Attachments:
N163TESTv2.7z [1.1 KiB]
Downloaded 22 times
Top
 Profile  
 
PostPosted: Sat Jan 06, 2018 6:38 pm 
Offline

Joined: Sun Apr 13, 2008 11:12 am
Posts: 7313
Location: Seattle
When you catalog the cart volumes, would you be willing to open and read, or measure the resistance across, the AUDIO FROM 2A03 and AUDIO TO MODULATOR pins ?

It really ought to be the case that the resistor there should be the only thing that determines the loudness of the mix, but what data we have is inconsistent.


Top
 Profile  
 
PostPosted: Sat Jan 06, 2018 6:42 pm 
Offline

Joined: Thu May 19, 2005 11:30 am
Posts: 560
Is a simple $20 Ohmmeter sufficient for that task, or is something fancier required to do it correctly?


Top
 Profile  
 
PostPosted: Sat Jan 06, 2018 6:44 pm 
Offline

Joined: Sun Apr 13, 2008 11:12 am
Posts: 7313
Location: Seattle
A $20 ohmmeter is more than sufficient.


Top
 Profile  
 
PostPosted: Wed Jul 11, 2018 9:55 am 
Offline

Joined: Thu May 19, 2005 11:30 am
Posts: 560
I have now gathered all Namco 163 games except for Mappy Kids, which continues to be only available from overseas sellers. Since having to collect the package at the customs office is a long enough drive for me to want to avoid that at all costs, I would appreciate if a European-Union-based seller (or donor/lender) could offer for sale/provide me with a copy, so I can start making those test recordings from all games using the same console and setup.

I can already say that there must be several revisions of the audio circuit used on different runs of the same game. Sangokushi: Chuugen no Hasha is listed as having a 4.7k resistor, while I measure a whopping 32.82k on my cart. Other carts measure the same resistance as in that wiki article, so it's not my testing method being wrong. For that reason, I consider the proposed method of measuring relative audio levels between NES and N163 for all cartridges using that test program to be the more reliable choice.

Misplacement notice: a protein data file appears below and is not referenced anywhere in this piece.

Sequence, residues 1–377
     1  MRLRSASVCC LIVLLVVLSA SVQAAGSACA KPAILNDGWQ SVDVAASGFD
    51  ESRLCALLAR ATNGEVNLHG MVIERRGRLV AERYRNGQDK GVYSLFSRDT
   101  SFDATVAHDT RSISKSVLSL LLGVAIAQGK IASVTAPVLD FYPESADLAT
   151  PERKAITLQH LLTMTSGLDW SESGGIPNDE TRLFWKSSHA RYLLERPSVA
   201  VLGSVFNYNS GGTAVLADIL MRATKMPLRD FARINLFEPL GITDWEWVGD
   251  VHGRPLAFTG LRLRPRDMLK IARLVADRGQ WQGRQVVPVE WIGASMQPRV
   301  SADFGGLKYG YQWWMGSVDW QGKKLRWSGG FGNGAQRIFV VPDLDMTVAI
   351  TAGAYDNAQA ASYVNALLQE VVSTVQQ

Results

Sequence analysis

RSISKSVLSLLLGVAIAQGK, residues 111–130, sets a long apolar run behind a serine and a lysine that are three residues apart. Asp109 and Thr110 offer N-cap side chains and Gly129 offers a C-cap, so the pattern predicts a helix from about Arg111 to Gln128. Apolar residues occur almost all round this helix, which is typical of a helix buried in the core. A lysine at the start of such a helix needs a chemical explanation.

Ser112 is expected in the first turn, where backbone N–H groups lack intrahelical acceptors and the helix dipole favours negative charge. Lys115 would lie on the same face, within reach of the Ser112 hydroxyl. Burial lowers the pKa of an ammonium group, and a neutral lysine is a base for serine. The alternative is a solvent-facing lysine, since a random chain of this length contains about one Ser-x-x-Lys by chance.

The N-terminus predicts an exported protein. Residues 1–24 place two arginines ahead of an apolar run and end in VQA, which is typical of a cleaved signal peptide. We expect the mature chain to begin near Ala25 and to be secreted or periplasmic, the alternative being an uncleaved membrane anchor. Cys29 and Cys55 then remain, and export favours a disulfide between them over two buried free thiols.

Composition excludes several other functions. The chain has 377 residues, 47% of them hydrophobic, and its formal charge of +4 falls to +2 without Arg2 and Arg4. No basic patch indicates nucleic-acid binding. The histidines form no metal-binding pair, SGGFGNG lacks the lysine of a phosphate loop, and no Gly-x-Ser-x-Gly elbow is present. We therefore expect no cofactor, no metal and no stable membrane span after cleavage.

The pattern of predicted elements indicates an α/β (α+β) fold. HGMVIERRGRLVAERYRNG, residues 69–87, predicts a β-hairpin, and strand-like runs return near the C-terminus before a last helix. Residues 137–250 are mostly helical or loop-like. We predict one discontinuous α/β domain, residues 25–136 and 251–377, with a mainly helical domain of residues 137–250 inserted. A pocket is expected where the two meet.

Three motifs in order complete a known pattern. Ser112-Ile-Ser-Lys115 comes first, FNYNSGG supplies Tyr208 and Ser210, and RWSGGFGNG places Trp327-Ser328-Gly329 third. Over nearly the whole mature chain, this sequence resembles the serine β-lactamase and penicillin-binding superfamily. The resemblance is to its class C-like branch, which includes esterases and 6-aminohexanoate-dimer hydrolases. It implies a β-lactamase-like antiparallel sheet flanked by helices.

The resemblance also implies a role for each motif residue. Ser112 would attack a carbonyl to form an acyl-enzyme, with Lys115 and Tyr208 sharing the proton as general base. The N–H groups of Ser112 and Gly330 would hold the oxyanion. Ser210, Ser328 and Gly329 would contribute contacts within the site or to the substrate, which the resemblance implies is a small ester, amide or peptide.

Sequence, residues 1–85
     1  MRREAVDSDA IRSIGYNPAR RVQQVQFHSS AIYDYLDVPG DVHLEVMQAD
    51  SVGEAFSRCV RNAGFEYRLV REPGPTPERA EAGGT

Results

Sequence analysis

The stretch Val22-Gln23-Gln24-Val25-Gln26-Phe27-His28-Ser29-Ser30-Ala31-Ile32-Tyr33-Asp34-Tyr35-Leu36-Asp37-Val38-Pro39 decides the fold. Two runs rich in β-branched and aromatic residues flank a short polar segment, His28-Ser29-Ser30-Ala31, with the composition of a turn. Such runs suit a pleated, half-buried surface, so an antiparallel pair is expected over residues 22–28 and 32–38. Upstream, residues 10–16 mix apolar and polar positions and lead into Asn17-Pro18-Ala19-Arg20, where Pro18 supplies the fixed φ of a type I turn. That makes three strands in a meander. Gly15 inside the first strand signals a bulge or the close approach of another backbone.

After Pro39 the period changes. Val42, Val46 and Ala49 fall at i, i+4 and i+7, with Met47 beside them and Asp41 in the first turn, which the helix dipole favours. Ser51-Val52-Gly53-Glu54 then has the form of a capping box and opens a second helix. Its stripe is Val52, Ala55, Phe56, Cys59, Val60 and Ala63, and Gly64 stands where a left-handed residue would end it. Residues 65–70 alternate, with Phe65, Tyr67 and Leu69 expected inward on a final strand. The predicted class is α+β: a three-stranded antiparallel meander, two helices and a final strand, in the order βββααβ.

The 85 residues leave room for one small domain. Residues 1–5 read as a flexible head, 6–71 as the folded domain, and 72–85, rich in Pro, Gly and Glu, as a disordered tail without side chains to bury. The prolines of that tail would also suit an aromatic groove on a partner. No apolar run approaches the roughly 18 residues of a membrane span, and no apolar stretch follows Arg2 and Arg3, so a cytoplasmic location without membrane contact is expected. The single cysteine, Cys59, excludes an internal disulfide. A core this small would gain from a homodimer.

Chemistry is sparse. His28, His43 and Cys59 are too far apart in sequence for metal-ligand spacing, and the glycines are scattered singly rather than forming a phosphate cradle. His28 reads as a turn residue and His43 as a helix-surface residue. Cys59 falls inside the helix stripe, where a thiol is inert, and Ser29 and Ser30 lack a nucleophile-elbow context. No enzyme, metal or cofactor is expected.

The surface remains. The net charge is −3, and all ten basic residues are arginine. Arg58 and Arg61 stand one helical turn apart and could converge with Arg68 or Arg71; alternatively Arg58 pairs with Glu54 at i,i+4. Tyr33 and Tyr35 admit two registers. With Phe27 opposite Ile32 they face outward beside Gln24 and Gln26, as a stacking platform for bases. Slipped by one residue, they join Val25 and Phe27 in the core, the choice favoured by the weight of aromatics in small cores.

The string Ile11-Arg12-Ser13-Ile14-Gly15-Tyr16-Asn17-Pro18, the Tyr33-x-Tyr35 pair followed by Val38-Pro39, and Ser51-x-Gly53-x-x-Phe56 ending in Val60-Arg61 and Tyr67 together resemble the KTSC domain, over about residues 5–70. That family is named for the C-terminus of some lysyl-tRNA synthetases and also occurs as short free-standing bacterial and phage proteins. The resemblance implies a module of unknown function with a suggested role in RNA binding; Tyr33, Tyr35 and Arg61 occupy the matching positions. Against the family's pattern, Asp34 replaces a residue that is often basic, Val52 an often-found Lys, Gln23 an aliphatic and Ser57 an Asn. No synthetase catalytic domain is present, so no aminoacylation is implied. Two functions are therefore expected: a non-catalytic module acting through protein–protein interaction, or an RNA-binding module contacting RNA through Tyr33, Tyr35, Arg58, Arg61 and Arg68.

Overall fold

I also have a hunch that later games seem to have their mixing resistors adjusted for the HVC-CPU-GPM console mainboard with its (relatively) louder expansion sound. The in-game expansion audio from Namco Classic II (1992) is almost inaudible against the RP2A03 on my AN-505BK Twin Famicom, and is just barely audible on a YouTube video recorded from (I think) an AV Famicom.


Top
 Profile  
 
PostPosted: Wed Jul 11, 2018 11:15 am 
Offline
User avatar

Joined: Sun Jan 22, 2012 12:03 pm
Posts: 6409
Location: Canada
Yeah, I've long thought the resistor values weren't useful data (at least not by themselves). I don't think all versions of the N163 have equivalent output to begin with. Measuring the output volume relative to a single source is good.

Also, every time I've gotten measurements from two different carts of the same game there's been a significant difference anyway, and that's not even getting into carts that had multiple runs with different parts.


Last edited by rainwarrior on Wed Jul 11, 2018 12:12 pm, edited 1 time in total.

Top
 Profile  
 
PostPosted: Wed Jul 11, 2018 11:35 am 
Offline

Joined: Sun Apr 13, 2008 11:12 am
Posts: 7313
Location: Seattle
NewRisingSun wrote:
32.82k
You can be confident that these are standard E24 5% resistors, so that's "just" 33k.


Top
 Profile  
 
Display posts from previous:  Sort by  
Post new topic Reply to topic  [ 10 posts ] 

All times are UTC - 7 hours


Who is online

Users browsing this forum: No registered users and 3 guests


You cannot post new topics in this forum
You cannot reply to topics in this forum
You cannot edit your posts in this forum
You cannot delete your posts in this forum
You cannot post attachments in this forum

Search for:
Jump to:  
Powered by phpBB® Forum Software © phpBB Group